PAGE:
The Bright and Dark Sides of Leader Traits

Report
The Bright and Dark Sides of Leader Traits:
A review and theoretical extension of the leader trait paradigm
Ronald F. Piccolo
Rollins College
The Galapagos Finches
Darwin’s Finches → Fortune’s CEOs?
• Physical Traits have evolved over time
– Mutation and Adaptive Radiation select traits
that are suitable for reproduction and survival
• Beaks, Opposable Thumbs, Multicolored Feathers
• Psychological Traits have a Genetic Source
– These traits shape attitudes (job satisfaction)
and behaviors (productive and deviant
behaviors, life and work preferences, etc.)
• Psychological Traits shape Leadership
Leadership is Universal
AGENDA
• Reflection
– Brief History of Leadership Trait Paradigm
• Application
– Antecedents of Traits
• Evolutionary Psychology; Theory
• Behavioral Genetics
• Contradiction
– Countervailing Effects of Traits
• Speculation
– Possible Explanations & Researchable Ideas
1948
Stogdill (1948)
Intelligence
Initiative
Alertness
Persistence
Insight
Self-confidence
Sociability
Responsibility
Reflection
1959
Intelligence
Dominance
Masculinity
Extroversion
Adjustment
Conservatism
Mann (1959)
1974
Achievement
Responsibility
Cooperativeness
Persistence
Insight
Tolerance
Self-Confidence
Sociability
Stogdill (1974)
1986
Intelligence
Dominance
Masculinity
Lord(1986)
Reconfirming Mann (1959)
1991
Drive
Confidence
Motivation
Cognitive Ability
Integrity
Task Knowledge
Self-Confidence
Sociability
Kirkpatrick & Locke (1991)
The Leader Trait Paradigm
Intelligence
Intelligence
Intelligence
Achievement
Drive
Dominance
InitiativeDominance
Responsibility
Confidence
Masculinity
Alertness
Masculinity
Cooperativeness
Motivation
Persistence
Extroversion
Persistence
Cognitive Ability
Insight Adjustment
Insight
Integrity
Self-confidence
Conservatism
Tolerance
Task Knowledge
Sociability
Self-Confidence Self-Confidence
Responsibility
Sociability
Sociability
The ‘Big Five’ Personality Trait Taxonomy
Openness
Conscientiousness
Extraversion
Agreeableness
Neuroticism
(Emotional Stability)
Heritability of Personality
0.6
0.5
.51
.46
.45
0.4
0.3
0.2
.20
.18
.20
0.1
0
Neuroticism
Extraversion
5 twin studies in 5 countries
N=24,000 (Loehlin, 1992)
Big Five Ave.
Plomin and
Caspi (1999)
Identical
Fraternal
Human behavior is substantially
shaped by evolutionary
psychological adaptations
The ‘Big Five’ & Leadership
Big Five Trait
k
N
r

Neuroticism
74
18,740
-.14
-.20
Extraversion
66
12,581
.21
.30*
Openness
42
8,281
.17
.25*
Agreeableness
49
10,934
.07
.10
Conscientiousness
38
8,102
.19
.27*
Judge etetal.al.(2002).
Personality
and Leadership:
A Qualitative
and Quantitative
Review. Journal
of Applied
Psychology,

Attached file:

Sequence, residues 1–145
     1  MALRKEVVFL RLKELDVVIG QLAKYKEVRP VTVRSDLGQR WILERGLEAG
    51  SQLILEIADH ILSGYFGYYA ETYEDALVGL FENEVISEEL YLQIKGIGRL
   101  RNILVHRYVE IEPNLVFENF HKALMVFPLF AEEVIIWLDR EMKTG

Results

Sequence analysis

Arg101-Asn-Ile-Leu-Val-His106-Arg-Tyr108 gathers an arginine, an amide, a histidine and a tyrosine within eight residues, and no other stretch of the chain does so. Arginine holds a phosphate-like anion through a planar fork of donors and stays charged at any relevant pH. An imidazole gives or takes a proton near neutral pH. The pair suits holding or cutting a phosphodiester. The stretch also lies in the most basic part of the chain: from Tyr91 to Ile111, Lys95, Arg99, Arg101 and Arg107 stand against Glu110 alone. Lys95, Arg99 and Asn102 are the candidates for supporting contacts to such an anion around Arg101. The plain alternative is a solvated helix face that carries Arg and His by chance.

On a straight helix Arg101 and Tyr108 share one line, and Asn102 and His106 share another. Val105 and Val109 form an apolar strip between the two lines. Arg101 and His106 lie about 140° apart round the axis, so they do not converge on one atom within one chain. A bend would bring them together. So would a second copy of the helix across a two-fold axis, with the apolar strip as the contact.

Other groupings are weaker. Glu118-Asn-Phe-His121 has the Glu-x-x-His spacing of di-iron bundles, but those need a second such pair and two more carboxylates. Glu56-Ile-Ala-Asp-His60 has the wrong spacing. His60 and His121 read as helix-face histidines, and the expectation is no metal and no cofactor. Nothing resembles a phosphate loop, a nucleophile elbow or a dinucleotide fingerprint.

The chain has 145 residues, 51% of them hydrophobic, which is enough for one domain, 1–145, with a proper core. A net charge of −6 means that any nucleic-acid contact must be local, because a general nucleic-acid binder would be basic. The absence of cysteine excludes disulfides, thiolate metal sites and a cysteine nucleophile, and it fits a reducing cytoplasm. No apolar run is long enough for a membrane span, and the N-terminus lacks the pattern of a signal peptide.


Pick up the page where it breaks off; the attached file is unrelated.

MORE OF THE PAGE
87,Psychology,
765-780. 87, 765-780.
Judge
(2002).
Personality
and Leadership:
A Qualitative
and Quantitative
Review.
Journal
of Applied
Lower-Order Personality Traits & Leadership
Big Five Trait
k
N
r

Locus of Control
15
2,347
.08
.13
Self Esteem
9
7,451
.14
.19*
Sociability
19
5,827
.24
.37*
Dominance
31
7,692
.24
.37*
Achievement
16
4,625
.23
.35*
Dependability
16
5,020
.18
.30*
Judge etetal.al.(2002).
Personality
and Leadership:
A Qualitative
and Quantitative
Review. Journal
of Applied
Psychology,
87,Psychology,
765-780. 87, 765-780.
Judge
(2002).
Personality
and Leadership:
A Qualitative
and Quantitative
Review.
Journal
of Applied
The ‘Big Five’ & Leadership
Emergence
r
k
Effectiveness
r
k
Neuroticism
30
-.24
18
-.22*
Extraversion
37
.33*
23
.24*
Openness
20
.24*
17
.24*
Agreeableness
23
.05
19
.21
Conscientiousness
17
.33*
18
.16
R (multiple r)
.53
.39
Judge et al. (2002). Personality and Leadership: A Qualitative and Quantitative Review. Journal of Applied Psychology, 87, 765-780.
Traits & Leadership
Intelligence & Leadership
k
N

SD
151
40,652
.27
.17
95% CI 95% CI
Lower Upper
.24
.30
Judge et al. (2004). Intelligence and Leadership: A Quantitative Review and Test of Theoretical Propositions. Journal of Applied Psychology, 89, 542-552.
But of course there are skeptics…
• “…the validity of personality inventories as
predictors of job performance and other
organizationally relevant criteria [are]
generally low” (Murphy & Dziewezynski, 2005; p. 345).
• “…the relationships (measured by correlations)
are low. Personality has low explanatory and
predictive power” (Andersen, 2006; p. 1088).
• “…multiple correlations are inappropriate and
[personality] validities remain so poor as to
cast doubt on their utility” (Morgeson et al., 2007).
Persistent Criticisms
• Emergence ≠ Effectiveness
– Kaiser et al. (2008). “The Fate of Organizations”
• “Not so Big” Five
– Origins, Development Process, Translation
• If Five is Good…
– 10 is Better. 15? Better Still
• Sources of Trait Development? Context?
• Reasonable Alternatives?
– Reinforcement Sensitivity Theory
– Behavioral Approach/Inhibition System
Theoretical Perspectives
Underlying the Leader Trait Paradigm
Evolutionary Theory and
Evolutionary Psychology
Behavioral Genetics
Application
Leadership as Characteristic Adaptation?
• Leadership is a natural adaptive process to
study because
– Leadership exists as collective activity exists
– Natural development of social structure tells
us much about human universals and
individual differences
– “The right stuff” of leader traits may well
depend on the context
– Members follow leaders who are most likely to
insure the group’s survival.
st
21 Century Adaptive Radiation?
A Behavioral Genetics Primer
Environment vs. Genes
• Consider studies of monozygotic (identical
[MZ]) and dizygotic (fraternal [DZ]) twins
reared apart and those reared together
• For MZ/DZ twins reared together:
a=additive genetic effect (broad heritability)
c=common or shared environment effect, and
e=error or unique similarity (or non-shared) environment effect
rMZ = a2 + c2
{in MZ = variance in genes + environ}
rDZ = (0.5  a2) + c2
{DZ share half as many genes}
1 = a2 + c2 + e2 {variance = shared genes + shared environ + unique}
Note: MZ twins=100% genetically similar (identical genes); DZ twins=50% genetically similar (share 50% genes)
Genes and Body Mass Index (BMI)
Heritability of
Body Mass Index
(BMI)
Hjelmborg et al. (2008)
10,556 Finn twins
Hur (2007)
Shared
genes
Shared
Non-shared
environment environment
M
F
M
F
M
F
80%
82%
7%
4%
13%
14%
82%
87%
0%
0%
18%
13%
65%
61%
5%
8%
30%
31%
888 Korean twins
Schousbo et al. (2004)
624 Danish twins
Genes and Obesity
BMI=([weightlbs703]/heightin2)
Correlation between pairs in
terms of Body Mass Index (BMI)
.14
Spouses
.62
Identical twins reared apart
.74
Identical twins reared together
.13
Adoptive siblings reared together
.16
Biological siblings reared together
0
0.5
Source: Grilo, C. M., & Pogue-Geile, M. F. (1991). The nature of environmental influences on weight
and obesity: A behavior genetics analysis. Psychological Bulletin, 110, 520-537.